Project description:Plasmonic structures can provide deep-subwavelength electromagnetic fields that are useful for enhancing light-matter interactions. However, because these localized modes are also dissipative, structures that offer the best compromise between field confinement and loss have been sought. Metallic wedge waveguides were initially identified as an ideal candidate but have been largely abandoned because to date their experimental performance has been limited. We combine state-of-the-art metallic wedges with integrated reflectors and precisely placed colloidal quantum dots (down to the single-emitter level) and demonstrate quantum-plasmonic waveguides and resonators with performance approaching theoretical limits. By exploiting a nearly 10-fold improvement in wedge-plasmon propagation (19 ?m at a vacuum wavelength, ?vac, of 630 nm), efficient reflectors (93%), and effective coupling (estimated to be >70%) to highly emissive (~90%) quantum dots, we obtain Ag plasmonic resonators at visible wavelengths with quality factors approaching 200 (3.3 nm line widths). As our structures offer modal volumes down to ~0.004?vac(3) in an exposed single-mode waveguide-resonator geometry, they provide advantages over both traditional photonic microcavities and localized-plasmonic resonators for enhancing light-matter interactions. Our results confirm the promise of wedges for creating plasmonic devices and for studying coherent quantum-plasmonic effects such as long-distance plasmon-mediated entanglement and strong plasmon-matter coupling.
Project description:We investigated nonlinear photoemission from plasmonic films with femtosecond, mid-infrared pulses at 3.1??m wavelength. Transition between regimes of multi-photon-induced and tunneling emission is demonstrated at an unprecedentedly low intensity of <1?GW/cm(2). Thereby, strong-field nanophysics can be accessed at extremely low intensities by exploiting nanoscale plasmonic field confinement, enhancement and ponderomotive wavelength scaling at the same time. Results agree well with quantum mechanical modelling. Our scheme demonstrates an alternative paradigm and regime in strong-field physics.
Project description:Fano resonance refers to an interference between localized and continuum states that was firstly reported for atomic physics and solid-state quantum devices. In recent years, Fano interference gained more and more attention for its importance in metamaterials, nanoscale photonic devices, plasmonic nanoclusters and surface-enhanced Raman scattering (SERS). Despite such interest in nano-optics, no experimental evidence of Fano interference was reported up to now for purely nanomechanical resonators, even if classical mechanical analogies were referred from a theoretical point of view. Here we demonstrate for the first time that harmonic nanomechanical resonators with relatively high quality factors, such as cantilevers vibrating in vacuum, can show characteristic Fano asymmetric curves when coupled in arrays. The reported findings open new perspectives in fundamental aspects of classical nanomechanical resonators and pave the way to a new generation of chemical and biological nanoresonator sensors with higher parallelization capability.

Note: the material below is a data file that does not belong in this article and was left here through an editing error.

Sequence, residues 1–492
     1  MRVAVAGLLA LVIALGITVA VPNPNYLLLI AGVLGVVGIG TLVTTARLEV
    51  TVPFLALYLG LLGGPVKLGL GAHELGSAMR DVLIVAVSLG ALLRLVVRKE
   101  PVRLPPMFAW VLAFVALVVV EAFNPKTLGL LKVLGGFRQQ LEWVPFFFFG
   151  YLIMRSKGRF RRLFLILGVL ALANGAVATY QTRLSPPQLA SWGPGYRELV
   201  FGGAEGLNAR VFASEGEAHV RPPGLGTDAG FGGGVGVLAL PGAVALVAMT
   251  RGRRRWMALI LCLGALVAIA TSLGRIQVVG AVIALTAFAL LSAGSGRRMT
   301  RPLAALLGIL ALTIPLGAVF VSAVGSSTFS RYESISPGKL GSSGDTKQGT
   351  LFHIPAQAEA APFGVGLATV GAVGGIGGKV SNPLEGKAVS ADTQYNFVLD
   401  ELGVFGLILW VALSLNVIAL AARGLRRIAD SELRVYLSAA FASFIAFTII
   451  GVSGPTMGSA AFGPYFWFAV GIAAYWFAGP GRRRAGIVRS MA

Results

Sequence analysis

Project description:Metamaterials and plasmonics are powerful tools for unconventional manipulation and harnessing of light. Metamaterials can be engineered to possess intriguing properties lacking in natural materials, such as negative refractive index. Plasmonics offers capabilities of confining light in subwavelength dimensions and enhancing light-matter interactions. Recently, the technological potential of graphene-based plasmonics has been recognized as the latter features large tunability, higher field-confinement and lower loss compared with metal-based plasmonics. Here, we introduce hybrid structures comprising graphene plasmonic resonators coupled to conventional split-ring resonators, thus demonstrating a type of highly tunable metamaterial, where the interaction between the two resonances reaches the strong-coupling regime. Such hybrid metamaterials are employed as high-speed THz modulators, exhibiting ?60% transmission modulation and operating speed in excess of 40?MHz. This device concept also provides a platform for exploring cavity-enhanced light-matter interactions and optical processes in graphene plasmonic structures for applications including sensing, photo-detection and nonlinear frequency generation.
Project description:Plasmonic superlattice membrane exhibits remarkable functional properties that are emerging from engineered assemblies of well-defined "meta-atoms," which is featured as a conceptual new category of two-dimensional optical metamaterials. The ability to build plasmonic membranes over macroscopic surfaces but with nanoscale ordering is crucial for systematically controlling the light-matter interactions and represents considerable advances for the bottom-up fabrication of soft optoelectronic devices and circuits. Through rational design, novel nanocrystals, and by engineering the packing orders, the hybridized plasmon signature can be customized, promoting controllable near-field confinement for surface-enhanced Raman scattering (SERS) based detection. However, building such 2D architectures has proven to be remarkably challenging due to the complicated interparticle forces and multiscale interactions during self-assembly. Here, we report on the fabrication of ultralong-nanobrick-based giant plasmonic superlattice membranes as high-performance SERS substrates for ultrasensitive and label-free protein detection. Using aspect-ratio controllable short-to-ultralong nanobricks as building blocks, we construct three distinctive plasmonic membranes by polymer-ligand-based strategy in drying-mediated self-assembly at the air/water interfaces. The plasmonic membranes exhibit monolayered morphology with nanoscale assembled ordering but macroscopic lateral dimensions, inducing enhanced near-field confinement and uniform hot-spot distribution. By choosing 4-aminothiophenol and bovine serum albumin (BSA) as a model analyte, we establish an ultrasensitive assay for label-free SERS detection. The detection limit of BSA can reach 15 nM, and the enhancement factor reached 4.3 × 105, enabling a promising avenue for its clinical application in ultrasensitive biodiagnostics.